Aqueous geochemistry techniques for water analysis have not traditionally been utilized in the petroleum industry, but with the rise of unconventional plays, unconventional analysis of the reservoir has become necessary. We can use total ion chemistry and isotope geochemistry to differentiate waters from different hydrocarbon bearing zones as one direct indicator of the zones accessed by induced fractures in horizontal wells. Additionally, using these chemical data, we can distinguish water injected during fracture stimulation (frac water) from subsurface waters in the production flow stream. Because frac water is easily distinguished from formation water, we are able to determine that water produced immediately on flowback is dominantly formation water. Frac water returns to the surface as periodic or episodic slugs of mixed formation and frac water, with the frac water contribution typically about 50% or less of the produced water load. Accordingly, the industry practice of monitoring frac water load produced at the surface is relevant only in terms of volume, not water composition, since most of the water produced initially during well flowback is formation water.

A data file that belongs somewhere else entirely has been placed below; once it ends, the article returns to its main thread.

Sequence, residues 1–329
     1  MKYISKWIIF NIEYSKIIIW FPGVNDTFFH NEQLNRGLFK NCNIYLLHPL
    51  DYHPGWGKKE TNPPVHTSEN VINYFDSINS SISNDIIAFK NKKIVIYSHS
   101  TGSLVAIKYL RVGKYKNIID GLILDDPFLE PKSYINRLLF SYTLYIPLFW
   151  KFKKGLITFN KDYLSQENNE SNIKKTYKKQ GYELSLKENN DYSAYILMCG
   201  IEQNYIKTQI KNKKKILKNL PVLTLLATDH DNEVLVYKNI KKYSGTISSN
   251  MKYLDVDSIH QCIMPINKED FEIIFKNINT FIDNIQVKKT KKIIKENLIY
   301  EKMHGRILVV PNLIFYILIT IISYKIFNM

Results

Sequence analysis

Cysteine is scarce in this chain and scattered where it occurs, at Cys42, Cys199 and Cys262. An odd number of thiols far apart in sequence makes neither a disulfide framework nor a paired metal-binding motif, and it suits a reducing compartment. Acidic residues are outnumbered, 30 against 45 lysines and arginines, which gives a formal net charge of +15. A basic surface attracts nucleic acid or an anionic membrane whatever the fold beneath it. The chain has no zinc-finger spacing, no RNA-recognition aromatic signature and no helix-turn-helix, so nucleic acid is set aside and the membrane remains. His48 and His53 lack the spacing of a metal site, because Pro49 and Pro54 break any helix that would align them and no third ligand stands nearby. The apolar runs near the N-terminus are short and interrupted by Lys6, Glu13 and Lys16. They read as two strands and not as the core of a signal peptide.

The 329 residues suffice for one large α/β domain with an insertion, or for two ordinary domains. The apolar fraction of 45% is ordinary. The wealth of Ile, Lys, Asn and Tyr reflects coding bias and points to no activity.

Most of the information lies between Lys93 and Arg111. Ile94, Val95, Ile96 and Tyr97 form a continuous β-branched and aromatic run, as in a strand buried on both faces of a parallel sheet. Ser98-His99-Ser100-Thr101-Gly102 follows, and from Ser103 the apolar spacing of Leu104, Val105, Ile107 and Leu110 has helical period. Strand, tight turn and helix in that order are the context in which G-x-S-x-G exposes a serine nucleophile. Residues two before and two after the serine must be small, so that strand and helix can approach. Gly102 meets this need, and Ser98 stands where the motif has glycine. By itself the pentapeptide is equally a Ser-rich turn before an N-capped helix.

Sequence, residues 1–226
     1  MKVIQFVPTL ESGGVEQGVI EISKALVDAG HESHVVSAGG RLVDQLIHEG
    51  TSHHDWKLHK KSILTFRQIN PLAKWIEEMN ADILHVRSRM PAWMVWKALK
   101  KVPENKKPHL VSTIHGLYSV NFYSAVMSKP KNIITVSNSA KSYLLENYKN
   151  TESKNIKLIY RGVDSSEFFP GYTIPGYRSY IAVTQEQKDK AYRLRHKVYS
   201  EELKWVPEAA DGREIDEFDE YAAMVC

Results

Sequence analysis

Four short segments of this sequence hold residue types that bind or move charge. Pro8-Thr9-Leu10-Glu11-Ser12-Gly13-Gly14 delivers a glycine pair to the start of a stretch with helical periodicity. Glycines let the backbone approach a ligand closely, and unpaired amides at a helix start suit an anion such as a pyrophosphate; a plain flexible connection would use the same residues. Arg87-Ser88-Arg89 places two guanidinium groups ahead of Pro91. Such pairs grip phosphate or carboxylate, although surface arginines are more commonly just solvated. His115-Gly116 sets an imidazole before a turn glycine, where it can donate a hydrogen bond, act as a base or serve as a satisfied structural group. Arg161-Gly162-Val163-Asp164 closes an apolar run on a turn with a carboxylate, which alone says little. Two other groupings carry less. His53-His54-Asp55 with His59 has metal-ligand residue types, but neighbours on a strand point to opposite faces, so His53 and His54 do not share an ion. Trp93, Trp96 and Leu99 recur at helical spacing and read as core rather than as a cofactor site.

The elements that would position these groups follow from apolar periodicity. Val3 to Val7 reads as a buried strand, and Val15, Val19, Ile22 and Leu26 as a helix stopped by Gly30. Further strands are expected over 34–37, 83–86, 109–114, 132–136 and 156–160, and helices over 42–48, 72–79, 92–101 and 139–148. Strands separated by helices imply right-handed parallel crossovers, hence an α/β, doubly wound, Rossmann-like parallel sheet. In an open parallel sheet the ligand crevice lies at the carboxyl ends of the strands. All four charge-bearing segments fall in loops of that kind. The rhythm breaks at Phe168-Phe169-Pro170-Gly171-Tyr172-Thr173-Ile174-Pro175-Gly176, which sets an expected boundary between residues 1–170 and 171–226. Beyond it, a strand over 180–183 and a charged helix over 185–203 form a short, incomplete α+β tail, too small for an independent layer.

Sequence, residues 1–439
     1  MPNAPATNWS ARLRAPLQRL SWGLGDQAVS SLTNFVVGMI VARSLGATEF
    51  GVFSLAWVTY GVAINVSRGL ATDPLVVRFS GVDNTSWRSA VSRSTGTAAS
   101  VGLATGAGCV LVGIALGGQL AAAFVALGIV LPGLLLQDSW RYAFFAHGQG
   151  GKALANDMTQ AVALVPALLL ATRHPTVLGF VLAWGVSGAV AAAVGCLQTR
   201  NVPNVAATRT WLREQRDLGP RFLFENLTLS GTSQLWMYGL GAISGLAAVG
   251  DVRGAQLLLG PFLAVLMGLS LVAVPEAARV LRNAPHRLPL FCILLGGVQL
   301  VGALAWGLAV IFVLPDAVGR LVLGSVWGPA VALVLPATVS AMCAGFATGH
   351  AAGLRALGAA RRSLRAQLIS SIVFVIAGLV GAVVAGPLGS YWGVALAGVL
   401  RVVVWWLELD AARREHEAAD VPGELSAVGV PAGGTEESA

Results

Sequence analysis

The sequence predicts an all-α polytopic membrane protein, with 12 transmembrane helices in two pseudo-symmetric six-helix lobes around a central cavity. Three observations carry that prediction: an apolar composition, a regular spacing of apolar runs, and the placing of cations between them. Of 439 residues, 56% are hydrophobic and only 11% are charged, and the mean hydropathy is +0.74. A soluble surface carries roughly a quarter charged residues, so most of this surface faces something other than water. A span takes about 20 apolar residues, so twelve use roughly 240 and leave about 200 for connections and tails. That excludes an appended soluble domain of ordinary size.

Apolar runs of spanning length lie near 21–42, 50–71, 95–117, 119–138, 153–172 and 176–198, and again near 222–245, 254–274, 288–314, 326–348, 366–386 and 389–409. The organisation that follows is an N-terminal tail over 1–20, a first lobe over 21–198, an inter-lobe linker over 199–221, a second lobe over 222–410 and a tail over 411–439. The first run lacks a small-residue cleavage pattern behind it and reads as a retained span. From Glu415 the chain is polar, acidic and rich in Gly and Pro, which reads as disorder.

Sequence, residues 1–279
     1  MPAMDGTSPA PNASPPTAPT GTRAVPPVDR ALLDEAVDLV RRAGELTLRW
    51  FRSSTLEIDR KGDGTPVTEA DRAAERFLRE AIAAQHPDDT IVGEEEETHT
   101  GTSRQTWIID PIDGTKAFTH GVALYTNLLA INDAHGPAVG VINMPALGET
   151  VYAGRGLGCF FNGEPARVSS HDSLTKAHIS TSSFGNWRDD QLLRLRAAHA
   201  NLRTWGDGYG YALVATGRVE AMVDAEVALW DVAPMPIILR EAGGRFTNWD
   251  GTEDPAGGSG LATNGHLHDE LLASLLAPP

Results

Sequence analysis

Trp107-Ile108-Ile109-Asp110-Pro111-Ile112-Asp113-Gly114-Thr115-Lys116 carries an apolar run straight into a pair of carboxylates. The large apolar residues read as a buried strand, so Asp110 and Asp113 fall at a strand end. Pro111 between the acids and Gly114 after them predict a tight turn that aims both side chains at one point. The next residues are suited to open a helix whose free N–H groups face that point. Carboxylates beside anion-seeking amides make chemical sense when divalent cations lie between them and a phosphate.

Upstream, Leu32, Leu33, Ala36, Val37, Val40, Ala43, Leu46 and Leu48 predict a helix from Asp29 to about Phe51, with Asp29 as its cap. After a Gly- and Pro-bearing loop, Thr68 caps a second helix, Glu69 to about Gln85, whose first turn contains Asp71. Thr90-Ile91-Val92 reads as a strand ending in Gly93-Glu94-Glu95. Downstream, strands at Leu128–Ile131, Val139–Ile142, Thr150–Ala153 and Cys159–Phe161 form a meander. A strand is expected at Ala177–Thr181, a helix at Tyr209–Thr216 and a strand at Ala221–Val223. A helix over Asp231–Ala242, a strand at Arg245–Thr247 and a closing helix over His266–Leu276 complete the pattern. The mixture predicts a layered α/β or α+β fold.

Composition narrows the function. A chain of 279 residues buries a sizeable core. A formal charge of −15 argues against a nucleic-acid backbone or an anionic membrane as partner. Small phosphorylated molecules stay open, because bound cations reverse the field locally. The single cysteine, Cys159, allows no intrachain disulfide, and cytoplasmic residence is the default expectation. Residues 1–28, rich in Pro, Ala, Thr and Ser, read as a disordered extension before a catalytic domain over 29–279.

This content is only available via PDF.
You can access this article if you purchase or spend a download.